Not trying to say he wasn't brilliant or anything, he was.
    yeah but being part of a **** team means you also got to bat in **** situations almost everytime.. And having followed almost every game of his since about 96, I have to say that is very true with him more than any batsman I have seen. He was, for 80% of his career, what Clarke was to Australia during this India tour.
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    Quote Originally Posted by vic_orthdox View Post
    In the end, I think it's so utterly, incomprehensibly boring. There is so much context behind each innings of cricket that dissecting statistics into these small samples is just worthless. No-one has ever been faced with the same situation in which they come out to bat as someone else. Ever.
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  5. #620
    International Captain watson's Avatar
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    Mike Coward makes some very good points IMO;

    Who's the next-best batsman after Bradman?

    By Mike Coward

    ...........There are, of course, inherent dangers in making comparisons and judgements across the ages, and ideally this debate should always extend beyond a comparative study of the exploits of Bradman and Tendulkar.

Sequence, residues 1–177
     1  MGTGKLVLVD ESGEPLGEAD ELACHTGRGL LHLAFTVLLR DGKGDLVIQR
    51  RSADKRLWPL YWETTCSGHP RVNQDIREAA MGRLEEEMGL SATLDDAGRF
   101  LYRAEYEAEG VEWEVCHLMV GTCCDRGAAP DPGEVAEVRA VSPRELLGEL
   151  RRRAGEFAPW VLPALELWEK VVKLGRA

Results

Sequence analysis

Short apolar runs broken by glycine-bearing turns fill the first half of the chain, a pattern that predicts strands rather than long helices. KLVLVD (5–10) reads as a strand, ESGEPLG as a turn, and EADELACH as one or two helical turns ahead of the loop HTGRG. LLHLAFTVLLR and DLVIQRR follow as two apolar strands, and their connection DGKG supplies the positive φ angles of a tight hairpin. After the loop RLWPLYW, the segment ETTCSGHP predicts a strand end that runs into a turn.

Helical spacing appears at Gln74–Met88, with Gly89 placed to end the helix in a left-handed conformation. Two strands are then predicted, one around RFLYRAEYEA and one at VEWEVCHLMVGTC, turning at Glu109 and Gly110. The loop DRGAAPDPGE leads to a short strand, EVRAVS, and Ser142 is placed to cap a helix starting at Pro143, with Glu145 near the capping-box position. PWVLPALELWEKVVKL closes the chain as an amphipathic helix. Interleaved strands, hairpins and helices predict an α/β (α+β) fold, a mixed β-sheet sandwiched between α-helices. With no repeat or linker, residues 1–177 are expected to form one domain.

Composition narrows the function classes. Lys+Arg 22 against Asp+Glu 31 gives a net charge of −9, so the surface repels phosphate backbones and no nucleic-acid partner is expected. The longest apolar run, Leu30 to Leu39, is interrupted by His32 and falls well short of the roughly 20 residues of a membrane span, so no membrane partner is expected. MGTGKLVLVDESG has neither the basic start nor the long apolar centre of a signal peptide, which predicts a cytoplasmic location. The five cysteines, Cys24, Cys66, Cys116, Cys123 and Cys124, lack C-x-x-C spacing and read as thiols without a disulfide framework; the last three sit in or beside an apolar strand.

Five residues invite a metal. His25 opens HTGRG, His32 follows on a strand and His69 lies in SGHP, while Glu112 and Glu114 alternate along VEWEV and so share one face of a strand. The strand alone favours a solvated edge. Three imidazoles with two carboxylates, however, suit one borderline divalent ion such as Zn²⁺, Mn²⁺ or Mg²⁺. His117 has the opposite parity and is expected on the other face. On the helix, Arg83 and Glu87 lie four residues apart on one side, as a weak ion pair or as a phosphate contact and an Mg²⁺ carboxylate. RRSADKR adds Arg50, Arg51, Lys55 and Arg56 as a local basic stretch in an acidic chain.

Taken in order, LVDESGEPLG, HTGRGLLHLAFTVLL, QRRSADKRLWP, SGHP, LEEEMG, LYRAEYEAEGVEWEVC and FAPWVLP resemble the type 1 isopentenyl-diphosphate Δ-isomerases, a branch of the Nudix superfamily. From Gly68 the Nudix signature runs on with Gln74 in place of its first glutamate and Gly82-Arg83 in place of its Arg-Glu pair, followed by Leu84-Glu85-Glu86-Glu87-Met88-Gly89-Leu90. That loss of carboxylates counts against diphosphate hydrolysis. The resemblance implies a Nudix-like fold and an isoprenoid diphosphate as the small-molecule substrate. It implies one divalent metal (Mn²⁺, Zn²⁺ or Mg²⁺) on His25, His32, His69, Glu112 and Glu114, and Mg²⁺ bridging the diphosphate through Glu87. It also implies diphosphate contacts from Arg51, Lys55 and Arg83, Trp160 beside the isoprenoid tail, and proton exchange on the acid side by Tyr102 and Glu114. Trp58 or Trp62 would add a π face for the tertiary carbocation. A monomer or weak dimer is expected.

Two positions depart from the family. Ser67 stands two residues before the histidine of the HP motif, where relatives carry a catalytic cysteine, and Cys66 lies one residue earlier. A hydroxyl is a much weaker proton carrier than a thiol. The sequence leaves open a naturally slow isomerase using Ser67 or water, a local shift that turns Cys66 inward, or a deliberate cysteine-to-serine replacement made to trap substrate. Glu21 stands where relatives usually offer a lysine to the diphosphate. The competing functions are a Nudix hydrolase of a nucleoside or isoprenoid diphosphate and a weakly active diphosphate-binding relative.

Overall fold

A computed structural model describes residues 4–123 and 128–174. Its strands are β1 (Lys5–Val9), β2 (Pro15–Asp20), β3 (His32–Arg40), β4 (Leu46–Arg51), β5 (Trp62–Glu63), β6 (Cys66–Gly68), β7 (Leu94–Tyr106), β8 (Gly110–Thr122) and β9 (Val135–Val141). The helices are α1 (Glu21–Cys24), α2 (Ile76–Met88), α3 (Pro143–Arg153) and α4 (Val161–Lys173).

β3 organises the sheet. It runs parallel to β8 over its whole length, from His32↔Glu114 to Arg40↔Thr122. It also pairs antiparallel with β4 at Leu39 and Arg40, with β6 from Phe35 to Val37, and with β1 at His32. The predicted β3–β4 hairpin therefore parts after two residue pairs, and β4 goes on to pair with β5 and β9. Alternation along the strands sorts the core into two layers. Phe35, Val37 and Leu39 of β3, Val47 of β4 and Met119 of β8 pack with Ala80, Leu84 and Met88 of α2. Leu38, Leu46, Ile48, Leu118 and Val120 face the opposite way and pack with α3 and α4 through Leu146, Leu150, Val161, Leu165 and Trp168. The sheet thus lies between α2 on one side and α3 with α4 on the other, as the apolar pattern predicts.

That said there are issues that must be addressed given Bradman's conviction that the significance of certain figures cannot be avoided if they are produced year after year against every type of opponent and under all conceivable conditions.

    For all his greatness and his mind-numbing average of 99.94, it must be remembered Bradman played his entire 52-Test match career on uncovered pitches at ten grounds in Australia and England, over a 20-year-period ruptured by World War Two. He only toured England - on doctor's advice he was unavailable for the tour of South Africa in 1935-36 - and played at home against England, West Indies, South Africa and India.

    As a point of interest Tendulkar's first ten Tests were played on different grounds outside India and completed four months after his 17th birthday.